Clothe Yourselves

Therefore, as God’s chosen people, holy and dearly loved, clothe yourselves with compassion, kindness, humility, gentleness and patience.”  (Colossians 3:12, NIV 1984).

My Musings – Are we behaving like the chosen?  If the people we work with, go to school with, live with in our neighborhood were to describe us to someone else, would the words compassionate, kind, humble, gentle or patient be  used?  Are these characteristics evident in our social media comments?  When it isn’t a co-worker, schoolmate or neighbor?  When we think no one is watching?

In junior high school there was a particular gym teacher, after instructing the class to do a certain number of sit-ups or push-ups, and because he could not possibly monitor everyone, would jokingly add, “remember, the Lord is watching.”  The truth is, He is always watching.  Would we say it, do it, or behave like it, whatever “it” should be, if we really stop to think that He is watching?  The One who chose us, and dearly loves us.  Do we really want to disappoint Him?  I’ve mentioned before in my blogs about a time I did something that was clearly against how I was taught and raised.  Expecting anger from my dad, he instead expressed disappointment.  I would have preferred anger.  The hurt I caused Him was worse than anyone punishment He could have dished out.  Let’s do our best to not disappoint our Heavenly Father.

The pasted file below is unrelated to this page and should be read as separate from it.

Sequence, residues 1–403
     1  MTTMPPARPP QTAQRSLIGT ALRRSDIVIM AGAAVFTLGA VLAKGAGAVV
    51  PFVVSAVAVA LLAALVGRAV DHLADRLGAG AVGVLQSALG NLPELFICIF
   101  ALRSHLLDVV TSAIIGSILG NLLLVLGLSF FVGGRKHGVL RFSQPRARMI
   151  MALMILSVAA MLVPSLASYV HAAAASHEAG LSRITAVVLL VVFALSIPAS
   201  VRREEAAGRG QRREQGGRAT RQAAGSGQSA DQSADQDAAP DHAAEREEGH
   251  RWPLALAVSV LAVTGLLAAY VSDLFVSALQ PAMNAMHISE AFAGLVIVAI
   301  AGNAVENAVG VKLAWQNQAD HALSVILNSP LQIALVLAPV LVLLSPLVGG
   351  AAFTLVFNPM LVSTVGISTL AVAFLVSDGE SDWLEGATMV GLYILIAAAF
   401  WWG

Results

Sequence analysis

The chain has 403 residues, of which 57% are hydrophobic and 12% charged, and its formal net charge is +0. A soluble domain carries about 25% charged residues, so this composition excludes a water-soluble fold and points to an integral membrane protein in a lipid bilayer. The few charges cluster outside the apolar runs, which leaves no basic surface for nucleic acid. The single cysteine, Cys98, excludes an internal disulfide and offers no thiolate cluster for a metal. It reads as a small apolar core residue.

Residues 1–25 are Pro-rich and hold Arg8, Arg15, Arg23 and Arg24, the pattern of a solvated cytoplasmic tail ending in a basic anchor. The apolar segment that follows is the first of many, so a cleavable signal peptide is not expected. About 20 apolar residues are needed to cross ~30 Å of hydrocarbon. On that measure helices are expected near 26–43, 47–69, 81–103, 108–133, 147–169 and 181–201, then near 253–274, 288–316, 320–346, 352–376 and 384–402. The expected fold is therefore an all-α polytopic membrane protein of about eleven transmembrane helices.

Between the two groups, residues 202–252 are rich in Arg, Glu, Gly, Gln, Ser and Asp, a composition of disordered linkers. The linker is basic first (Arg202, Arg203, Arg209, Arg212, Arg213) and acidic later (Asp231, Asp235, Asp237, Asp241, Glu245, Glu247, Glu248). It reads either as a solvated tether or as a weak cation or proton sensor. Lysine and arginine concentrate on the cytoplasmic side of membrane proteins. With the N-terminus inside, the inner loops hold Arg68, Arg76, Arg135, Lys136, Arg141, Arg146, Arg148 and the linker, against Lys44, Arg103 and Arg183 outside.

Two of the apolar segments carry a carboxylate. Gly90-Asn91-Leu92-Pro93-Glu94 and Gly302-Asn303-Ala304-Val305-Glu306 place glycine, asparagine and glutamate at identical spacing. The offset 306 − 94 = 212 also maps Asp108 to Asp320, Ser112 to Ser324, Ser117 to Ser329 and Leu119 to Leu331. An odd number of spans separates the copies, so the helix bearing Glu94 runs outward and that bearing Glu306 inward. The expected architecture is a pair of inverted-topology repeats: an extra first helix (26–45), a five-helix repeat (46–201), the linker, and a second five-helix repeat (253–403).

My Advice -The above text begins with the word “therefore.”  Here is what it it is there for — “you must rid yourselves of all such things as these: anger, rage, malice, slander, and filthy language from your lips. Do not lie to each other, since you have taken off your old self with its practices and have put on the new self, which is being renewed in knowledge in the image of its Creator. (Colossians 3:8–10, NIV 1984).  Are the old practices hanging on or are they “being renewed in knowledge in [His] image?”  You can wear this “Emperor’s clothes” without shame.

Author: thebrewisamusing

I was raised in a Christian family and my earliest childhood memories include regular Sunday school and Church attendance as a family. I was taught that our Judeo-Christian values were not just a part of our Sunday routine they should be part of our character and influence all aspects of our lives. I was also taught that as important as these values were they could not save us. We must also be “born again” by accepting Christ.

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